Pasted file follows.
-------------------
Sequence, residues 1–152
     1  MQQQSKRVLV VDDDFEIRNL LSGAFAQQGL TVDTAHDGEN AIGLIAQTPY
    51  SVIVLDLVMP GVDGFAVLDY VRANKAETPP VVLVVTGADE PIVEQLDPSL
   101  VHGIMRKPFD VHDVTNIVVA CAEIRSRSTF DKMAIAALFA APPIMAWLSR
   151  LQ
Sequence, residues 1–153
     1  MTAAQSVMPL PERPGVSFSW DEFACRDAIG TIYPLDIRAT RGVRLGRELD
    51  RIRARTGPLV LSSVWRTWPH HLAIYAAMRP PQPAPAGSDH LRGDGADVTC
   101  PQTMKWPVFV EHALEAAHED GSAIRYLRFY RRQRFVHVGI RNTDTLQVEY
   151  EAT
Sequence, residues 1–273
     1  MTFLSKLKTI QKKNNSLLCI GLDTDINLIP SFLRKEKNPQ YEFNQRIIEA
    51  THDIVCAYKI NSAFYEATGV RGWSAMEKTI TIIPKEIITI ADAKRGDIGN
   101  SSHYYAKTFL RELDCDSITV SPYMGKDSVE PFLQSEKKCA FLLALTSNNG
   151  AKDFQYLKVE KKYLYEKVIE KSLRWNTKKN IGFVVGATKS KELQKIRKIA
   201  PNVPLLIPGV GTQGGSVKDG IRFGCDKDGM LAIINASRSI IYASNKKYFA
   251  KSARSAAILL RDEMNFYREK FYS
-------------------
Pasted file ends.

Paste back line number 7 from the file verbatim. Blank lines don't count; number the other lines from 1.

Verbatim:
     1  MTAAQSVMPL PERPGVSFSW DEFACRDAIG TIYPLDIRAT RGVRLGRELD